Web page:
Like many of you, I felt a lot of pride yesterday having woken up to the news that New Zealand had become the 13th country in the world to legalise gay marriage.
This was global news; a friend of mine as far away as Norway alerted me to it. On my Facebook wall he posted the video of our Parliament as the result came in and the jubilant, semi-impromptu Pokarekare Ana singalong that followed. It was a beautiful moment. I'm not embarrassed that I got a little choked up watching it.
The news fell on the same day that the US Senate voted to kill expanded background checks for gun owners, a measure which polls much more favourably here than gay marriage does in New Zealand. But it also came on the same day that our Parliament passed a stifling bill to ban protest against oil ships at sea that would have little hope of getting anywhere in America (first amendment and all). It was an odd news day.
Going by the contrasting results in the guns and gay marriage votes, you'd have to conclude that New Zealand is much more progressive than the USA. And judging by the responses in comments sections internationally, many people were coming to similar conclusions.
It looked again like another case of small and intellectual New Zealand living a few years ahead of weird and incomprehensible America.
But is this really true?
A 3 News opinion poll taken just after Christmas last year put support for gay marriage in New Zealand at 60 per cent. Similar American polls peg America's support between 50 and 60 per cent. So going off this, our two countries think pretty similarly.
There are epic geographical difference on this subject in the USA. Support for gay marriage is greater than 60 per cent in New Jersey, Massachusetts, California, Rhode Island and New York, but less than 30 per cent in Tennessee, Utah, Georgia, South Carolina, Kentucky, West Virginia and Mississippi.
In some ways it is almost more amazing to me that the majority of America can tip toward thinking anything. And let's not forget that it was Obama's Biden-induced endorsement for gay marriage last year that created a political opening for someone like John Key to come out and voice his support.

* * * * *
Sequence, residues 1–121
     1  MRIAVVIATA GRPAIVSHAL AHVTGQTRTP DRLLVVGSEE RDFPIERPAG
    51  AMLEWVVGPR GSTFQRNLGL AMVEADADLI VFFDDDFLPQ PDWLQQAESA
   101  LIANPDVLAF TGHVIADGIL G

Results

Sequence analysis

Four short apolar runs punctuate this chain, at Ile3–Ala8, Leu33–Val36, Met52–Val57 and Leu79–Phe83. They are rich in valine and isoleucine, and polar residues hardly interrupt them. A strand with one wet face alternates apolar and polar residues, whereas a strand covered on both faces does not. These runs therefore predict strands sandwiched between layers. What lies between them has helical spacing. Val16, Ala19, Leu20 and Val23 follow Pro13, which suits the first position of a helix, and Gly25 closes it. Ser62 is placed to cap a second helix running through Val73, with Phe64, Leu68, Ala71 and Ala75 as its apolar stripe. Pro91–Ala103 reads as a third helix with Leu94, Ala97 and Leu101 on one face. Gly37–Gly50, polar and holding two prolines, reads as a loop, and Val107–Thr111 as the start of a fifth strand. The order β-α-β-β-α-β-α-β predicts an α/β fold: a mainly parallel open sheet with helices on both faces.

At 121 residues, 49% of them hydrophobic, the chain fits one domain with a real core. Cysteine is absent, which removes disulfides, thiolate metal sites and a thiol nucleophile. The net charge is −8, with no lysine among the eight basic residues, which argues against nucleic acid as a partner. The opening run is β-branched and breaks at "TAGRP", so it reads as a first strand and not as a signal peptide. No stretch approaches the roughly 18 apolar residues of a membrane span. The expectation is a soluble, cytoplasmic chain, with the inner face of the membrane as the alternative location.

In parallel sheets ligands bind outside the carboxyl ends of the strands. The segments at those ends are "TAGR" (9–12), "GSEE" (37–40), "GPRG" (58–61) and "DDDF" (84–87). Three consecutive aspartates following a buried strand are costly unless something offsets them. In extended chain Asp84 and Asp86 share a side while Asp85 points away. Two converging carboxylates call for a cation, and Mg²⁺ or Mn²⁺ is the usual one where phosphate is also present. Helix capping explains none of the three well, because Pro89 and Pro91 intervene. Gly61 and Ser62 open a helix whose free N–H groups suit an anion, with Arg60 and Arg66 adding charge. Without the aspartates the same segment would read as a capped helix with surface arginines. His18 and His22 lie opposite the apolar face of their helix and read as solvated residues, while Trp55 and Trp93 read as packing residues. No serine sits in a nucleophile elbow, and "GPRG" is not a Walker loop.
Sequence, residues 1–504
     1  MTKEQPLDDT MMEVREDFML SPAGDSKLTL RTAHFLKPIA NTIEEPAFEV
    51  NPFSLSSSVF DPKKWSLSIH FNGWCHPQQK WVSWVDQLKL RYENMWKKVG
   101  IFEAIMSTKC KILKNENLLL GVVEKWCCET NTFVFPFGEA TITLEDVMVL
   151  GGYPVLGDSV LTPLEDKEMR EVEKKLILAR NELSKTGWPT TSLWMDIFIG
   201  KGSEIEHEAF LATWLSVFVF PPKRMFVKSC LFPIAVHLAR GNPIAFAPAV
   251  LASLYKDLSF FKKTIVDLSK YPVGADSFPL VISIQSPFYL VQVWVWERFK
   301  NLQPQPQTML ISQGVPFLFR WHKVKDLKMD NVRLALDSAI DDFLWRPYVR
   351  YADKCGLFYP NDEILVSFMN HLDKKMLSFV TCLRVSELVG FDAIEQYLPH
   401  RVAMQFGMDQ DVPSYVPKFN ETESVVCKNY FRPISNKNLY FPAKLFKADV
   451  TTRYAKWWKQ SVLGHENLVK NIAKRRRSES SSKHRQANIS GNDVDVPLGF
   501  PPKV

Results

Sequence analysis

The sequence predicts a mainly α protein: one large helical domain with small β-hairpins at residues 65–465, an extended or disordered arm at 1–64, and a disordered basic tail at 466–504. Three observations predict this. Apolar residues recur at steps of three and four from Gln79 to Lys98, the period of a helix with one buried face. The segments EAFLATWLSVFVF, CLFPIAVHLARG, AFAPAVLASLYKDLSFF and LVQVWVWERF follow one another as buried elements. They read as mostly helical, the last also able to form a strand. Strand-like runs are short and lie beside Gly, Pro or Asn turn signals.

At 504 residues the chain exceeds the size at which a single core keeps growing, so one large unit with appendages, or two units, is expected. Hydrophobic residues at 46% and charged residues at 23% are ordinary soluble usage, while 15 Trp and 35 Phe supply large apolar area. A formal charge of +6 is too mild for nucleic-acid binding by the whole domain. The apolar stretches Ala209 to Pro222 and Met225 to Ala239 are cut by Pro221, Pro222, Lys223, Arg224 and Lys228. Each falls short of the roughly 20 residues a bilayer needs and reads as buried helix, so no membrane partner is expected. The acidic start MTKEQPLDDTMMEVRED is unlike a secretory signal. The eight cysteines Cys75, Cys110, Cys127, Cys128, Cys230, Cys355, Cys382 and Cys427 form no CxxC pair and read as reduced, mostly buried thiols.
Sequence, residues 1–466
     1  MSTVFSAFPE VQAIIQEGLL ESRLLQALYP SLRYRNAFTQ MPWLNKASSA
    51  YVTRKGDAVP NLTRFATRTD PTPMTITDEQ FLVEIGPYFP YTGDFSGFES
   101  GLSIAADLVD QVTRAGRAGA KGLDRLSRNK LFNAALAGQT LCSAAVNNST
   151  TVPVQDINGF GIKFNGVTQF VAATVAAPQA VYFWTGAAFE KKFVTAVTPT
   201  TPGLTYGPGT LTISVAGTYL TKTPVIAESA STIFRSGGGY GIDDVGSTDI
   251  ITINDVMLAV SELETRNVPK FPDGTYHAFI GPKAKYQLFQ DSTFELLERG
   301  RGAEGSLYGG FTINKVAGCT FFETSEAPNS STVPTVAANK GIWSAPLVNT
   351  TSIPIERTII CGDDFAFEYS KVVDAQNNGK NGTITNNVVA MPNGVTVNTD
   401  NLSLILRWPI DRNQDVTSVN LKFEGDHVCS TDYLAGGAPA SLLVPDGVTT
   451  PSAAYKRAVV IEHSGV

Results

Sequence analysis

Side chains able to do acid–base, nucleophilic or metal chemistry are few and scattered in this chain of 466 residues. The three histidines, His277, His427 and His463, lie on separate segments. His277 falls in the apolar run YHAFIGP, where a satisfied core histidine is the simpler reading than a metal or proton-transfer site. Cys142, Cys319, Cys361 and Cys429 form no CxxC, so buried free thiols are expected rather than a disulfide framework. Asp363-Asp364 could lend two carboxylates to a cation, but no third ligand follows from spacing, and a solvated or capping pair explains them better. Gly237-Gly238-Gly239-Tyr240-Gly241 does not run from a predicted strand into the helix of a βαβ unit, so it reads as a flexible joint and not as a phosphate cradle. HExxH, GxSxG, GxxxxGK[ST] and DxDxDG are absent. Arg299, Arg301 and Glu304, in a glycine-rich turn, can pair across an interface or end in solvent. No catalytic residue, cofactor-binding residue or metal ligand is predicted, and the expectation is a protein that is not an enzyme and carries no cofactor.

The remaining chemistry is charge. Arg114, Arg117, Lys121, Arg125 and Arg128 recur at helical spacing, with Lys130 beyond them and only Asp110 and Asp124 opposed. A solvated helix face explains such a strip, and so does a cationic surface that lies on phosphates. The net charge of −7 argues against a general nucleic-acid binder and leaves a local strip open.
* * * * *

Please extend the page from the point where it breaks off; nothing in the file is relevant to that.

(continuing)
So you have a similar level of public support and an American president who helped blaze a path for gay marriage in New Zealand, but gay marriage in New Zealand and not America.
I know, right? What gives?
The "progressive" label has replaced the more battle-scarred "liberal" in recent times. It's hard to define, but I generally interpret it (on a governmental level) as being modern, future-focused, protecting the rights of all citizens and the plight of the little guy.
Marriage equality congratulations aside, John Key's New Zealand doesn't fit much of that label: he's pandered to special interest in New Zealand, presided over a government that has been privy and passive to environmental degradation, rewritten laws for specific businesses when needed, spied illegally on citizens, made it much harder for people to study and increased the strain of borrowing to do so, changed the tax code and GST rates to place the tax burden on lower-income earners and wants to now work over the Resource Management Act and make massive changes in the hoops the more hapless members of society must jump through to get welfare.
As good news as the new marriage equality law was... it's not as big a Band Aid as it needs to be.
The thing to me is, neither country is particularly progressive. (New Zealand will, however, always hold national heath care and a social safety net as its trump card.)
As many sins as I could list above for John Key, it would be longer for Barack Obama and he's a guy I generally support as the much lesser of two evils here.
The difference in government between the US and New Zealand is one of responsiveness and courage at an organisational level.
This week's vote is a victory for all parts of government in New Zealand, for being sensible, for being in tune with the people on an important social issue, for being relatively devoid of the pratfalls that can hijack the passage of a piece of policy that has broad support.
Civil rights, abortion, homosexuality and now gay marriage... the American Government hasn't taken a stand on any social issue without first deferring awkwardly to the Supreme Court to get the ball rolling.
So is New Zealand more progressive? No. (Well, more than some parts of America.)
It is just an issue of better organised and more responsible government. Which is still something to feel good about, yes?
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